Horacio Lopez Rebollar, an immigrant living in Kentucky, entered the US illegally (EWI) from Mexico as a teenager. He married two years ago and was then eligible to get his green card through marriage to his US citizen wife. But, because he crossed illegally, he had to return to Mexico in order to complete the green card process. Because he had spent several years in the United States without authorization, his visa would necessarily have been denied, but he would have been given the chance to submit a 601 hardship waiver package at a later waiver interview in Ciudad de Juarez (CDJ). 601 Waiver interviews at Juarez are now scheduled about two months from the visa interview date. Had the waiver been approved, he would have been able to return to the US almost immediately.
Horacio’s case took a tragic turn when he lied during his green card visa interview. When asked if he had any prior problems with the law, he answered no. However, he had several traffic violations that the officers discovered during his background check. His visa application was denied, and he had to start the process all over again. He is stuck in Mexico until his waiver is approved, which could take up to a year; his triplets were born in Kentucky in the meantime. In order to qualify for the 601 waiver, he will have to prove that his American citizen wife will suffer extreme hardship if he is not allowed to return, or if she is forced to move to Mexico. Although by no means a slam dunk, three infants with presumably precarious medical status will certain give him a good shot at waiver approval.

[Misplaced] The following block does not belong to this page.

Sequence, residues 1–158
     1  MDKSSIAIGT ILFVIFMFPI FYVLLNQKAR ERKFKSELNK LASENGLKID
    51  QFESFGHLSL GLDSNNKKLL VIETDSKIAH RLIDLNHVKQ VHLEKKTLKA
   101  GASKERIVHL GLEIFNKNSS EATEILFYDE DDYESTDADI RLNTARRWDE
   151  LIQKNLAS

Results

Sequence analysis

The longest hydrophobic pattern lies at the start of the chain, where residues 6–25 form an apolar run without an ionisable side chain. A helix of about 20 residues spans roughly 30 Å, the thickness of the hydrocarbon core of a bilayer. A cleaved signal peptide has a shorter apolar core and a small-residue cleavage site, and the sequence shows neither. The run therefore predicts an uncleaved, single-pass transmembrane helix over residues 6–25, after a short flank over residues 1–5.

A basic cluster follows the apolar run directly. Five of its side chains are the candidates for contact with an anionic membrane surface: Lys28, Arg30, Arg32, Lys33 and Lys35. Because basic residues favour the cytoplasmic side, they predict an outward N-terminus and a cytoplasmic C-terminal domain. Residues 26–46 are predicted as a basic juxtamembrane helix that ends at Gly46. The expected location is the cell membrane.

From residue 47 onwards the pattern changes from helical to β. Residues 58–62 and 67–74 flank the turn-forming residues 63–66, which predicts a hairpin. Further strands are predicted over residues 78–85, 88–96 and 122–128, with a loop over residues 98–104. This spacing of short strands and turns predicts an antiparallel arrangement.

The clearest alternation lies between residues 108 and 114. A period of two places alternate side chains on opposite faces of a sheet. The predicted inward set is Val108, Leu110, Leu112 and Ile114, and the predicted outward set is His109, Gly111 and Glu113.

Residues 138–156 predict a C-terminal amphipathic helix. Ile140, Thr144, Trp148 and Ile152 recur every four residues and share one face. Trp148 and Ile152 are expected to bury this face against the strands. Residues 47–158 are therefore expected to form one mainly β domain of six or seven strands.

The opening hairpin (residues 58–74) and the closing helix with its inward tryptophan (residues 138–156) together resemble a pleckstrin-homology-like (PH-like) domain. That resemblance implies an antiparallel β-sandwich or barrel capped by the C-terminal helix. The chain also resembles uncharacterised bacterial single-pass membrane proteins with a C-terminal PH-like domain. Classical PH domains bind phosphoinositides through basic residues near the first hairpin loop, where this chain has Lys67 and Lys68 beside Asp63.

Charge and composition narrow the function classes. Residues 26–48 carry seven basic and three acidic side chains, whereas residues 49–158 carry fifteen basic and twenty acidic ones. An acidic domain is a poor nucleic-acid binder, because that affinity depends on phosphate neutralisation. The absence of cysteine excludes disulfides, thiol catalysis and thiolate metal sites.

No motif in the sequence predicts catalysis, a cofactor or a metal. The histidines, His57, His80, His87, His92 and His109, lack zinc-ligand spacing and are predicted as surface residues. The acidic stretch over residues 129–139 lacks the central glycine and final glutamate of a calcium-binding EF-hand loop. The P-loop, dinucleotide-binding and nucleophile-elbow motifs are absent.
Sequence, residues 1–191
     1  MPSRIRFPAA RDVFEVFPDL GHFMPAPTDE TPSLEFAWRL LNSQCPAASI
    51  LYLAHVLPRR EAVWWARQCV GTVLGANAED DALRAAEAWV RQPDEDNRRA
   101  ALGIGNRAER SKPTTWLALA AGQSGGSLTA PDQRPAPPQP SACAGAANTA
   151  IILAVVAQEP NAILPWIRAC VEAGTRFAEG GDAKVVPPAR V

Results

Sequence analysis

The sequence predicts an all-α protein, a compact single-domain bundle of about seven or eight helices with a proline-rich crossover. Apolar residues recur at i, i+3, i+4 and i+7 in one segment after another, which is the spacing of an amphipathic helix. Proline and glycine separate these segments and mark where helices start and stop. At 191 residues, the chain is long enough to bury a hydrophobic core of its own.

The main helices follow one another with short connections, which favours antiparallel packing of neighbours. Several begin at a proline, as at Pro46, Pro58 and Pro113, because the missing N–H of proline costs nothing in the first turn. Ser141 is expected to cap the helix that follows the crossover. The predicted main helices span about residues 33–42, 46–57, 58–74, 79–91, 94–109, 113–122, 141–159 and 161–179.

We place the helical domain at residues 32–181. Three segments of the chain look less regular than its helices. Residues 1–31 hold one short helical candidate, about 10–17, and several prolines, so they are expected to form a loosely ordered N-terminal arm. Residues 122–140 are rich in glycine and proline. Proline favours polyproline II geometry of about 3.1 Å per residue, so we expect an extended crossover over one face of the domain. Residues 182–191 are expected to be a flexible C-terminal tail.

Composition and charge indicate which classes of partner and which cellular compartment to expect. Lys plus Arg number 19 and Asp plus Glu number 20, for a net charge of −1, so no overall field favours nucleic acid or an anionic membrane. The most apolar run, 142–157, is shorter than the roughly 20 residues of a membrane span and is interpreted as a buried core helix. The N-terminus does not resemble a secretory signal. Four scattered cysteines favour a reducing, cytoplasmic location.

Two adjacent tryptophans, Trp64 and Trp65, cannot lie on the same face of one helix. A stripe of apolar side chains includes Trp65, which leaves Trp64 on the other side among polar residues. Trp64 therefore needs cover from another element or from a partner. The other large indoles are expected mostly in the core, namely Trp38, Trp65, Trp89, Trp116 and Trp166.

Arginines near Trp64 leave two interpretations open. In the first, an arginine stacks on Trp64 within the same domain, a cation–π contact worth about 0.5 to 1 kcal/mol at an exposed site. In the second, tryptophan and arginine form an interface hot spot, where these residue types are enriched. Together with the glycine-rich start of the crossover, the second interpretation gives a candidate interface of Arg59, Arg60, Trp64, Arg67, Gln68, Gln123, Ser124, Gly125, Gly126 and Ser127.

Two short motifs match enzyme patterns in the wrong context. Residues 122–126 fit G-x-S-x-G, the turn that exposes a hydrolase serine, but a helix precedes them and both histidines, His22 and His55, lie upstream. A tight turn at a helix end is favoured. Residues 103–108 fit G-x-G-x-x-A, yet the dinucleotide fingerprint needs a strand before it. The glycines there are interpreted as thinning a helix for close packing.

Rebollar claims that his immigration lawyer told him to lie about his criminal history. Any reputable immigration attorney, especially a 601 waiver attorney, will tell you that lying to a consular or USCIS official is a very bad idea. These government officials have virtually unlimited access to all information available about an applicant, and they have no qualms about using it to deny an application. If the information is discoverable, assume immigration officials will discover it. Had Rebollar simply admitted his criminal history, he would have been given leave to file a waiver for that as well, if it was severe enough to even require a waiver.
Rebollar’s wife now fears that he will EWI again by crossing the border illegally using a coyote. If he does this, he will be facing a permanent bar (“9C”) that will bar him from admission for life; a waiver for this bar is not available until he has lived outside the US for ten years. Once he has accumulated one year of unlawful presence, or been deported, he cannot EWI again without being subject to this dreaded permanent bar.